23 May 2006

Middle of the week thoughts

O.K., it's not the middle of the week really, but when Tuesday's work day is over ... it's hump day to me.

I took the other job today, start next Tuesday (but have some 3 hours of meeting/training on Friday) delivering and doing warehouse work for Audit Insights, they are subcontractors for Market Decisions. They do the leg work on product research for large national companies. The one I'll be working on is for Proctor-Gamble. I will also be working part-time for the people that I am currently working for. They wished me well and I'll still be doing part-time maintenance (mostly electrical) for them. I feel that this gives me maximum potential for earning the most, but still leaving me time to sleep and eat.

I have been thinking, over the last few weeks, about essential foods. I don't know if I have written this before ... if I have, sorry about that. I feel that "essential" foods are those that we feel that we HAVE to have in our house at all times. They could be meat, vegetable, condiments, spices, whatever. These are things that, rich or poor, you feel are essential. I think that I know mine .... they are (in no particular order):

Bread (anything but white) .. whole wheat/rye/Asiago cheese/bagels/kaiser rolls/French/whole wheat tortillas
Cheese .. cheddar/swiss/Hulami/jack/pepperjack/Mexican (several varieties)
Chiles .. fresh/canned/jarred
Eggs ... usually 2 dozen minimum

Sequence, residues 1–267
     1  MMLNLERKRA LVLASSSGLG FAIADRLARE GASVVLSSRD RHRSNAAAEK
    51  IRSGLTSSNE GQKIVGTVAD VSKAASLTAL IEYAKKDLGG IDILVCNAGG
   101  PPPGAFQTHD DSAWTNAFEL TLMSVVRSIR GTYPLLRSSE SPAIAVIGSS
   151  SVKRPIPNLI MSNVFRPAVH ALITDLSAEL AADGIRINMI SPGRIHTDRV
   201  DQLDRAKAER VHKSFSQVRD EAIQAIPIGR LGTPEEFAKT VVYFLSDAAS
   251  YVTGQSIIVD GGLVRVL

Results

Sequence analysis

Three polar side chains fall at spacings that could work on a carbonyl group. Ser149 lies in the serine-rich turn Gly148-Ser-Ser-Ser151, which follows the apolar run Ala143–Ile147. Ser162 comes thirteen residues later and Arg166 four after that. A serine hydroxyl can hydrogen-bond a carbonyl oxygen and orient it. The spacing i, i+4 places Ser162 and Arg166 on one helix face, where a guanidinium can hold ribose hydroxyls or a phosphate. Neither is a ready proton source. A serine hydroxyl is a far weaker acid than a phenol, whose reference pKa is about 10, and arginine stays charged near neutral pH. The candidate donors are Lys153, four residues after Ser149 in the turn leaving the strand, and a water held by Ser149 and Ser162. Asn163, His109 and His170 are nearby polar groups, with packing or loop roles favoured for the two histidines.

Miracle Whip Salad Dressing ... large jar (or two)
Onion ... Yellow/white/sweet
Mushrooms ... whatever I can afford
Garlic .. whole cloves/seasoning/etc
Carrots ... fresh/canned/bagged baby ones
Tomato sauce .. regular/spicy/HOT
Margarine ... 3 lbs at all times
Wine or beer
Diet soda
Water .. bottled
EVOO .. extra virgin olive oil

There are other things in my pantry and fridge ... but these HAVE to be in there. Or, at least I feel that they need to be there. I am certain that everyone who reads this has their short list of ingredients like mine, but different.

Let me know what your essentials are.

22 May 2006

The beginning of the week

I have just watched a GREAT and INTERESTING fim. It was called "F IS FOR FAKE" by Orson Welles. A documentary of sorts. It is/was not for everyone...but I loved it. It is about an hour long. Good Monday evening, .... good movie, couple of glasses of wine, and some pork/potatoes/carrots courtesy of the Crockpot.

I am going to talk to the people about the "other" job tomorrow. It will be hard leaving what I am doing now ... it's really an enjoyable gig. But, you must go where the $$$ is, especially at my advanced age.

It was cooler here in the desert today ... high 80's, still no triple digit temperatures in Tucson. It will began to go back to being high 90's tomorrow. Forecasts for Wednesday and Thursday are hovering around 103. I am ready, have been for weeks.
Lovely Tucson summers... they bring thoughts of the River Styx to others I know, but our summers ARE Arizona and ONLY Arizonans can love them. Guess that makes me a native.

21 May 2006

The 'DaVinci' thingy